Happy Thanksgiving, and Happy Birthday Pittsburgh!

Anonymous Portrait of John Forbes, c. 1751. Courtesy of the Royal Scots Dragoon Guards Museum.
Anonymous Portrait of John Forbes, c. 1751. Courtesy of the Royal Scots Dragoon Guards Museum.

On Nov. 25, 1758, the British and provincial army led by Gen. John Forbes arrived at the Forks of the Ohio River. The French, anticipating their arrival and aware of the superiority of the British force, had detonated their stock of gunpowder and abandoned Fort Duquesne the day before. “Without stroke of sword,” Forbes’ army took control of the smoldering ruins and the critical land at the Point for Great Britain.[1]

The mood in the British camp the following day was electric, but before the formal celebration began, a grateful Forbes gave thanks for the nearly bloodless victory and asked his men to do the same. On Nov. 26, he ordered “a Day of publick Thanksgiving to Almighty God for our Success.”[2]

On the 27th, a cascading volley of muskets and artillery, or feu de joie, was ordered in celebration.[3] Amid the festivities, the ailing 51-year-old Scot, who had been carried on a litter during much of the campaign, penned a letter to Secretary of State William Pitt in England. Dated “Pittsburgh, 27th November. 1758,” he described the success of his “little army,” and offered a fitting tribute to the architect of the British victory.[4]

I have used the freedom of giving your name to Fort Du Quesne, as I hope it was in some measure the being actuated by your spirits that now makes us Masters of the place. [5]

"Army Train Ascending Mountain Road," Nat Youngblood, painted c. 1968.
"Army Train Ascending Mountain Road," Nat Youngblood, painted c. 1968.
"Forbes at Fort Duquesne," Nat Youngblood, painted c. 1968.
"Forbes at Fort Duquesne," Nat Youngblood, painted c. 1968.

Finally in control of the Forks of the Ohio, Forbes made plans to secure the site for the impending winter. A mere 200 troops were left under the command of Col. Hugh Mercer to construct a temporary fort and maintain possession of the Point, though Forbes himself would not be there to see it built.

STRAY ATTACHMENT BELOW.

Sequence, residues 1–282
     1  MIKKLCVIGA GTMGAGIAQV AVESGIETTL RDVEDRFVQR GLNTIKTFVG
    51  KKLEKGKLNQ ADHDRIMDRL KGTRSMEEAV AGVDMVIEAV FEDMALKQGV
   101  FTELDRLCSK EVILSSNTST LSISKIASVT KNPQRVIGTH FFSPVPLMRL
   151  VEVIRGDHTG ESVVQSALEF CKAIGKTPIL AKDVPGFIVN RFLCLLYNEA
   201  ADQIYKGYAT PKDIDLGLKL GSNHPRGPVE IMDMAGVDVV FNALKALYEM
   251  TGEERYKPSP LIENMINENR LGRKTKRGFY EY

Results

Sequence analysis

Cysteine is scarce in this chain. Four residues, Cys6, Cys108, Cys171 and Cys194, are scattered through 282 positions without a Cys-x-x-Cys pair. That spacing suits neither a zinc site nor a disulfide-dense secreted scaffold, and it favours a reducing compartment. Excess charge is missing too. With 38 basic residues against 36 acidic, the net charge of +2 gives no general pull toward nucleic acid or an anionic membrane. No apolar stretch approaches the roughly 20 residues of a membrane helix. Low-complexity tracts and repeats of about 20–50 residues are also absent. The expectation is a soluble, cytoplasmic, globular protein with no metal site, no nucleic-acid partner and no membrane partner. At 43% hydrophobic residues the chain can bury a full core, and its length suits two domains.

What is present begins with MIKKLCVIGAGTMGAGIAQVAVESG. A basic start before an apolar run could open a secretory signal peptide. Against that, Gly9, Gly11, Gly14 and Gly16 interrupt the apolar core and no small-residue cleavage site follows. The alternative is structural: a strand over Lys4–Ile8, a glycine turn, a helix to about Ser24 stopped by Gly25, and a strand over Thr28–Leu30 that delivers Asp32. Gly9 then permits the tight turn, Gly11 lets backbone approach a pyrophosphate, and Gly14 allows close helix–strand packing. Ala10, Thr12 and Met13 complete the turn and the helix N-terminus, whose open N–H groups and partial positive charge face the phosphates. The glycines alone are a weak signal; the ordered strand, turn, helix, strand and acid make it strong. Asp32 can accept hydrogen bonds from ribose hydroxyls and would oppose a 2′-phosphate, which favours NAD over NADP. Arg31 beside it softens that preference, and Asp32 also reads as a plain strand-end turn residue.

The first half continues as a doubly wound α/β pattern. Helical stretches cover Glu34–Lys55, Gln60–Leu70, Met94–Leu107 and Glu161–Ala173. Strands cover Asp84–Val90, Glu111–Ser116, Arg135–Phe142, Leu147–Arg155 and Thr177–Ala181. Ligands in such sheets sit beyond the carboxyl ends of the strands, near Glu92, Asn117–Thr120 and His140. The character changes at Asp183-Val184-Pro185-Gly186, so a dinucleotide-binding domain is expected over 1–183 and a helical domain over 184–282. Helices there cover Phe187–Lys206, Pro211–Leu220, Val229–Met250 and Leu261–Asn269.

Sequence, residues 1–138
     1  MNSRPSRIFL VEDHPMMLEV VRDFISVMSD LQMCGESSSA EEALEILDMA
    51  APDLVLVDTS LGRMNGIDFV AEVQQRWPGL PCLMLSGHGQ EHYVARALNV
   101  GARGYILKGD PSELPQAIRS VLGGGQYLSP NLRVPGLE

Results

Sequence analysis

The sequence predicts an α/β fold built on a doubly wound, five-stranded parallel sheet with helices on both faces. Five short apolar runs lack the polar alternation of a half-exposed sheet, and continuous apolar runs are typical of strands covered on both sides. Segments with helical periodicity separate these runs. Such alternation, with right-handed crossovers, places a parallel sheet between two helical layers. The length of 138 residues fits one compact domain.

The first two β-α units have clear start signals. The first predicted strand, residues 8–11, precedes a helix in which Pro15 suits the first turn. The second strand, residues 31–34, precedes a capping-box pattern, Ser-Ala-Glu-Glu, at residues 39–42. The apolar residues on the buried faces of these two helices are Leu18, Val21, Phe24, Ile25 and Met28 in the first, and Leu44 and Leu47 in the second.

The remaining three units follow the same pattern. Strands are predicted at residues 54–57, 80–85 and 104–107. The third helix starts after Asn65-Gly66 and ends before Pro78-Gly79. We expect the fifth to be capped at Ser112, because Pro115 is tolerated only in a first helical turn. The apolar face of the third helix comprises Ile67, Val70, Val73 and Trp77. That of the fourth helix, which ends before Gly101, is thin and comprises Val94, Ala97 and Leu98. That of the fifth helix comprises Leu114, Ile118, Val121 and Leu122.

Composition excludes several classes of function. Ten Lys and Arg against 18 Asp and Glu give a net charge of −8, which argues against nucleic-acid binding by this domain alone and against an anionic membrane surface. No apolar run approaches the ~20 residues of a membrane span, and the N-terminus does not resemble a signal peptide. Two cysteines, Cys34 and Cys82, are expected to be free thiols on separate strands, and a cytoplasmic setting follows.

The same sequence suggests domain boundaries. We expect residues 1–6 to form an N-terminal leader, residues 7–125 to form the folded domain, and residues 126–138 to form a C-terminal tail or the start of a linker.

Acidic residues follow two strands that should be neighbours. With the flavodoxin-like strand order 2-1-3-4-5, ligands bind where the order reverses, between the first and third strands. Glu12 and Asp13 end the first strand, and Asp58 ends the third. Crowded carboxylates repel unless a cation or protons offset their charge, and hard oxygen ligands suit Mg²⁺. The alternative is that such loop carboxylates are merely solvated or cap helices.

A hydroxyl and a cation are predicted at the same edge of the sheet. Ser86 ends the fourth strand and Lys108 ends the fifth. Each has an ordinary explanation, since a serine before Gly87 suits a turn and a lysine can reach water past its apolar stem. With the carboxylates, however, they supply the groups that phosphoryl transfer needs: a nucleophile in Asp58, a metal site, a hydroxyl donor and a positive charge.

Slowly dying from a mysterious illness that may have been stomach cancer, the general departed Pittsburgh less than two weeks after his triumphant arrival. On Dec. 3, 1758, he left for Philadelphia, arriving six weeks later. On March 11, 1759, the steadfast young general succumbed to his illness, though his accomplishments live on.[6]

Having survived its first harsh winter, Pittsburgh grew into a fledgling frontier settlement, a gateway to the West, and the city we know today.

Bernard Ratzer's 1761 Map of Fort Pitt, showing the outlines of Fort Duquesne and Mercer's Fort, courtesy of the Darlington Digital Library, University of Pittsburgh.
Bernard Ratzer's 1761 Map of Fort Pitt, showing the outlines of Fort Duquesne and Mercer's Fort, courtesy of the Darlington Digital Library, University of Pittsburgh.
"Plan of Fort Le Quesne," from a copy made in 1771. Map reproduction courtesy of the Norman B. Leventhal Map Center at the Boston Public Library.
"Plan of Fort Le Quesne," from a copy made in 1771. Map reproduction courtesy of the Norman B. Leventhal Map Center at the Boston Public Library.

[1] Anonymous, “Letter from Pittsburgh (formerly Fort Duquesne),” dated November 28, 1758, Pennsylvania Gazette, December 14, 1758.
[2] Ibid.
[3] Joseph Shippen Orderly Book, 1758, Fort Pitt Museum
[4] Douglas R. Cubbison, The Defeat of the French in Pennsylvania, 1758: A Military History of the Forbes Campaign Against Fort Duquesne (Jefferson, NC: McFarland Publishing, 2010) 174.
[5] John Forbes to William Pitt, November 27, 1758, accessed November 24, 2017.
[6] Fred Anderson, Crucible of War: The Seven Years War and the Fate of Empire in British North America, 1754-1766 (New York: Vintage Books, 2001) 284-285.

Mike Burke is the exhibit specialist at the Fort Pitt Museum.

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